- Design Architect:Rand Elliott
- Project Manager / Architect:Bill Yen
- Project Architect:David Ketch
- General Contractor:Lingo Construction Services
- Civil Engineer:Johnson & Associates
- Structural Engineer:Lingo Construction Services
- Electrical:Jesse Lewis Inc.
- Steel Fabrication:Goliath Pipeline and Construction
- Millwork:Contemporary Cabinets Inc.
- Glass And Glazing:American Glass
- Fire Protection:Control Fire
- City:Oklahoma City
- Country:United States
Text description provided by the architects. Built in 1924 by C.F. Meadors and originally the Como Hotel, this historic 1924 blond brick flatiron stood vacant and boarded up for 27 years. Today, the building stands one story taller – a graceful golden presence at Oklahoma City’s east gateway into Downtown. The project includes the renovation of the historic two-level building and the addition of a third floor. The area’s historic triangular buildings were built soon after OKC’s electric streetcar routes were drawn a century ago. The four surviving historic triangular blocks form the core of the city’s emerging Flatiron district. The newly renovated PLICO Flatiron building has brought new vitality to the area’s relatively undeveloped state, setting the stage for a remarkable new urban neighborhood.
At dusk, the building’s interior lighting and accent lighting casts an evening glow creating an exciting ambiance. As commuters enter and leave downtown on this busy artery, the PLICO building acts as a “lantern” to the city energy. The third floor is a modern feature and a respectful, complementary addition. It relates to the flatiron building in shape, scale, and color, its detailing, differentiated from the historic building through materials and setbacks. Historically accurate black anodized aluminum windows have replaced damaged and missing windows in the existing two-story structure. Triangular-shaped downspouts show consistent detailing.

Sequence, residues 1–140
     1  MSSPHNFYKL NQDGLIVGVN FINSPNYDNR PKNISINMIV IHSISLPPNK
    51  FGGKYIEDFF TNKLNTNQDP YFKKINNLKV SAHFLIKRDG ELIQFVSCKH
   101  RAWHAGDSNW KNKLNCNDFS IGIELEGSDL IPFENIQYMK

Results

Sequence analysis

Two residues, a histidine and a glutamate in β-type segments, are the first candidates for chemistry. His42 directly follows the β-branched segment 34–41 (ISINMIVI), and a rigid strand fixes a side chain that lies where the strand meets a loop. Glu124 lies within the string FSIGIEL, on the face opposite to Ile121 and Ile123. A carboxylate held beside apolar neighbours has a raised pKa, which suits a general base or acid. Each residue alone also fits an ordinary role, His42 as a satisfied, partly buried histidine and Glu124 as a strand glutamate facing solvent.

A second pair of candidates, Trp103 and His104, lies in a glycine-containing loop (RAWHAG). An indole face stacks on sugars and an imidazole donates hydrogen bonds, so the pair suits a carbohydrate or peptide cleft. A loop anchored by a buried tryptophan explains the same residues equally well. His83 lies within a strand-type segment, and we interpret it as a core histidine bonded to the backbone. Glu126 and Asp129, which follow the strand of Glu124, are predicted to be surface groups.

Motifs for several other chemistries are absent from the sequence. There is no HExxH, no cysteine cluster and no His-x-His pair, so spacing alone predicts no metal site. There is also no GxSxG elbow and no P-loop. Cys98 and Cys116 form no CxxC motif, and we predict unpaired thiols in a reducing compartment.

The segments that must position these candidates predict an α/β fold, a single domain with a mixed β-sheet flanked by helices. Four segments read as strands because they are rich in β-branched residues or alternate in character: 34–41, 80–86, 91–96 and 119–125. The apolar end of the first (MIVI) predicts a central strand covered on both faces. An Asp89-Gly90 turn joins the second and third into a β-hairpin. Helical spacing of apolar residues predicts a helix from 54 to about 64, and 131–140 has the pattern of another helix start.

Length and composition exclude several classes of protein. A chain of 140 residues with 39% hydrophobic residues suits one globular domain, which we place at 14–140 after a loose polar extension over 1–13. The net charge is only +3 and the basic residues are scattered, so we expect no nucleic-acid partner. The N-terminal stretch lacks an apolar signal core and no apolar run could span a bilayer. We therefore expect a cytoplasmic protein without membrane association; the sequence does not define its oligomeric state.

Visitors to the building are surprised when they enter the front door and see how historic details merge gracefully with contemporary materials. Existing structural beams have original fabrication markings and historic paint was left in place. The original exposed metal lath and concrete deck above remains. The ceremonial stair is folded steel plate and clad in clear polycarbonate. Blue polycarbonate panels define the office space edge and provide acoustical and visual privacy, giving the exposed structure a ghostly quality. Beyond beam number one, the structure is painted white to improve the lighting reflectivity. The client requested a light-filled space. The typical open office space is created by clear polycarbonate panels. The panels provide acoustical and visual privacy while still allowing filtered sunlight into space.
The perimeter blue panels provide a softened blue hue, and the structure is painted white to improve the lighting reflectivity. A cross-over corridor ties the large north and south storefront windows together and polycarbonate allows the sunlight to filter into the interior office core. Originally intended as growth space, the third floor’s northeast corner has become a multi-purpose room. In the late afternoon, sunlight transforms the space into a golden artistic volume and the opened awning windows reflect the rooftop river rocks. On the third floor, a conference room, kitchen, and stunning views from the rooftop terrace create a dynamic setting. The unique glass columns at the deck are 50% open and are designed to act as a rooftop screen wall that celebrates the view and makes the space comfortable on windy days.